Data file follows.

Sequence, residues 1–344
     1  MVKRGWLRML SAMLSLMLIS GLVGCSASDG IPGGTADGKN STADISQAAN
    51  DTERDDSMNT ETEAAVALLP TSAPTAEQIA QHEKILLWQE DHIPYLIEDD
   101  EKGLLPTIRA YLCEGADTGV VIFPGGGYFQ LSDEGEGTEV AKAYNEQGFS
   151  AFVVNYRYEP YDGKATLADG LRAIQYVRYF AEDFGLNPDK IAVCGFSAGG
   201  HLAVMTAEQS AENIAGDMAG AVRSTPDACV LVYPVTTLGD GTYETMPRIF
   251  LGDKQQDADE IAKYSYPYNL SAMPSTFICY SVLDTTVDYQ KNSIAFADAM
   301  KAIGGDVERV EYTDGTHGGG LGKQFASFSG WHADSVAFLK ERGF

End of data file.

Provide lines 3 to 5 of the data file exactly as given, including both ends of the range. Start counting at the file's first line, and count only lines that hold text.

    51  DTERDDSMNT ETEAAVALLP TSAPTAEQIA QHEKILLWQE DHIPYLIEDD
   101  EKGLLPTIRA YLCEGADTGV VIFPGGGYFQ LSDEGEGTEV AKAYNEQGFS
   151  AFVVNYRYEP YDGKATLADG LRAIQYVRYF AEDFGLNPDK IAVCGFSAGG